A Tale of Two Brothers
Commentary for July 1, 2006 — The End of the Story
Isaac loved Rebecca and they married when Isaac was 40 years old (Genesis 24:67, 25:21). Isaac’s father Abraham had received a great blessing involving his descendants, a blessing which later expanded to include the whole world. That blessing was given directly from YHWH to Abraham (Genesis chapter 15). Isaac in turn received that blessing through Abraham.
Although Isaac loved Rebecca, she was unable to conceive children for almost 20 years of their marriage. Isaac prayed to God for his wife to be blessed with a child and she did conceive when Isaac was age 60 through a miracle from God (Genesis chapter 25). The children struggled within the womb and Rebecca was worried:
“And the children struggled together within her; and she said, If it be so, why am I thus? And she went to enquire of the Lord. And the Lord said unto her, ‘Two nations are in your womb, and two manner of people shall be separated from your bowels; and the one people shall be stronger than the other people; and the elder shall serve the younger.’”The result of the conception was that a set of twins was born. Today we would likely classify them as fraternal twins, which means there were two eggs each separately inseminated. Of course, in ancient times those distinctions were not made, insofar as the text indicates. The two brothers were very different in appearance. In fact Esau was remarkably different from most people:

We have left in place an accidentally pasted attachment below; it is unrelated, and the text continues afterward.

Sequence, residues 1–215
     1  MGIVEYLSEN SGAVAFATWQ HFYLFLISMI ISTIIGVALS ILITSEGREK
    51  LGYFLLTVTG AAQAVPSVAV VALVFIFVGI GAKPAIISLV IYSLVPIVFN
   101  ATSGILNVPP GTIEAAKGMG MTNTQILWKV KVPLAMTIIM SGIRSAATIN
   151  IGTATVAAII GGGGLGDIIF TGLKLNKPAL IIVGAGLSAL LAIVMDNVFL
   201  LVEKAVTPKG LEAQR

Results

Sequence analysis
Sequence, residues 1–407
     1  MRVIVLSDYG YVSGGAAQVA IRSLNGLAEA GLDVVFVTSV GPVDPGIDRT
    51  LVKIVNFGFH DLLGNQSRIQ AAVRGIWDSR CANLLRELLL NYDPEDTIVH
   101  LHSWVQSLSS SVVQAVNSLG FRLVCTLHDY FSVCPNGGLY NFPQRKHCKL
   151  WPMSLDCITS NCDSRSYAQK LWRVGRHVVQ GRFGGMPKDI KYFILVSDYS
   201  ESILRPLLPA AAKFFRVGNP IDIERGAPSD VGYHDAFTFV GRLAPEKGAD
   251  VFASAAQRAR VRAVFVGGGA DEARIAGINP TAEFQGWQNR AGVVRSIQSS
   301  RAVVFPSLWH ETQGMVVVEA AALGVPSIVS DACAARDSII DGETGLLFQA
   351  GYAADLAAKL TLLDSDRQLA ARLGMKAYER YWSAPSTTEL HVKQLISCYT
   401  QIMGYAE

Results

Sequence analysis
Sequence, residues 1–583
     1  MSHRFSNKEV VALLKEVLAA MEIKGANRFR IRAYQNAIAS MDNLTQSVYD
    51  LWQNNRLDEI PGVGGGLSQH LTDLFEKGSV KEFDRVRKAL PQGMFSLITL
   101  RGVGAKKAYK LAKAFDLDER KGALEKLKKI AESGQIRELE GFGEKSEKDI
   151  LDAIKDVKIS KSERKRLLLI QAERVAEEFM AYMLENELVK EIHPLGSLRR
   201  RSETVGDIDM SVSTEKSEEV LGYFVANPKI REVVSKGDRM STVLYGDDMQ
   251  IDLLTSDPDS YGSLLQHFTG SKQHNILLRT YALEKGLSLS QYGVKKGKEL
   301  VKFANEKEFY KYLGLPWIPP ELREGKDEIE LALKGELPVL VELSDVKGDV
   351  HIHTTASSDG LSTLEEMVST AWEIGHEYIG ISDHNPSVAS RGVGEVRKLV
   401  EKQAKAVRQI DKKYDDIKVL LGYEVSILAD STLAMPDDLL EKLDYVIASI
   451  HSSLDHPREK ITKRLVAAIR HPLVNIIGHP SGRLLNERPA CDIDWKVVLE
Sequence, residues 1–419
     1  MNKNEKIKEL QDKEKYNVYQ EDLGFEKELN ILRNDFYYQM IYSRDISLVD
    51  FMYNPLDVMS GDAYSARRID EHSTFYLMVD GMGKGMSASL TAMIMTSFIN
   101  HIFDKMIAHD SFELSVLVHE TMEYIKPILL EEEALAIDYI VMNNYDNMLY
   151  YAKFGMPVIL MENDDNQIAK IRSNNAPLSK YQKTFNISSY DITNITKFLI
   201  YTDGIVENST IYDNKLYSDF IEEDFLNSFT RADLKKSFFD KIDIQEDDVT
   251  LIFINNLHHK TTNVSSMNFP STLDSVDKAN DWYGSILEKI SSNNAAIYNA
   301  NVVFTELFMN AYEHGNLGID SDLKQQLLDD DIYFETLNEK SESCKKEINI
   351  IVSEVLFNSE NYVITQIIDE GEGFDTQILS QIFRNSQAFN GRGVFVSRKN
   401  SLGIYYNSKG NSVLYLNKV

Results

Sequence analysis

• Genesis 25:22–23
“And the first came out red, all over like a hairy garment; and they called his name Esau.”Esau had red hair — like fur — all over his body, while the other twin came out struggling with Esau (who was the de facto firstborn), just as they had struggled in the womb before birth. This second son who was not hairy was named Jacob, which both means “heel-holder” and supplanter. Nonetheless they were twins.
• Genesis 25:24–25
It is interesting the text points out that “Isaac loved Esau … but Rebecca loved Jacob” (Genesis 25:28). This partiality of the parents would not be mentioned unless it was significant to the narrative. It is unfortunate, but such things often happen in life between parents and children. To what extent this increased or contributed to their animosity toward each other (“mother liked you best” or “father liked you better”) cannot be known, but it is clear that Rebecca conspired against Esau in favor of Jacob (Genesis 25:5–17).
You can read the remainder of the full story from Genesis chapter 25 through chapter 36. Continually in the background of the narrative is the tension and struggle between the two brothers. Jacob was a scoundrel who cheated Esau to give up his birthright for a trifle, and then deceived an unwitting Isaac to bless himself [Jacob] instead of his brother. The usual practice of blessing firstborn who was rightly Esau.
That story continues in history and even into prophetic events future to us when the tension and conflict between the descendants of the “two nations … and two manner of people” originating from the twins Esau and Jacob comes to a climax at the end of the age just before Christ’s Second coming. This is the subject of this month’s “Newsletter for July 2006,” and particularly with Dr. Martin’s article (accessed through the Newsletter): “The Most Significant Gentile Nation in the Bible.”
The two peoples have similarities of appearance (as Dr. Martin points out, Esau’s descendants were not “hairy” like their progenitor), although both are intermarried with other peoples, and they have several traits of character and manner in common. The end-time relationship between the two brother peoples is both an inspiration of fulfilled prophecy, and a tragedy for prophetic events in the future. As the apostle Paul notes prophetically (Romans 9:10–14) the tale of the two brothers is an example of God’s provision through history. Dr. Martin’s article shows you the end of the story, and the relationship of Israel with “The Most Significant Gentile Nation in the Bible.”
© 1976-2021 Associates for Scriptural Knowledge - ASK is supported by freewill contributions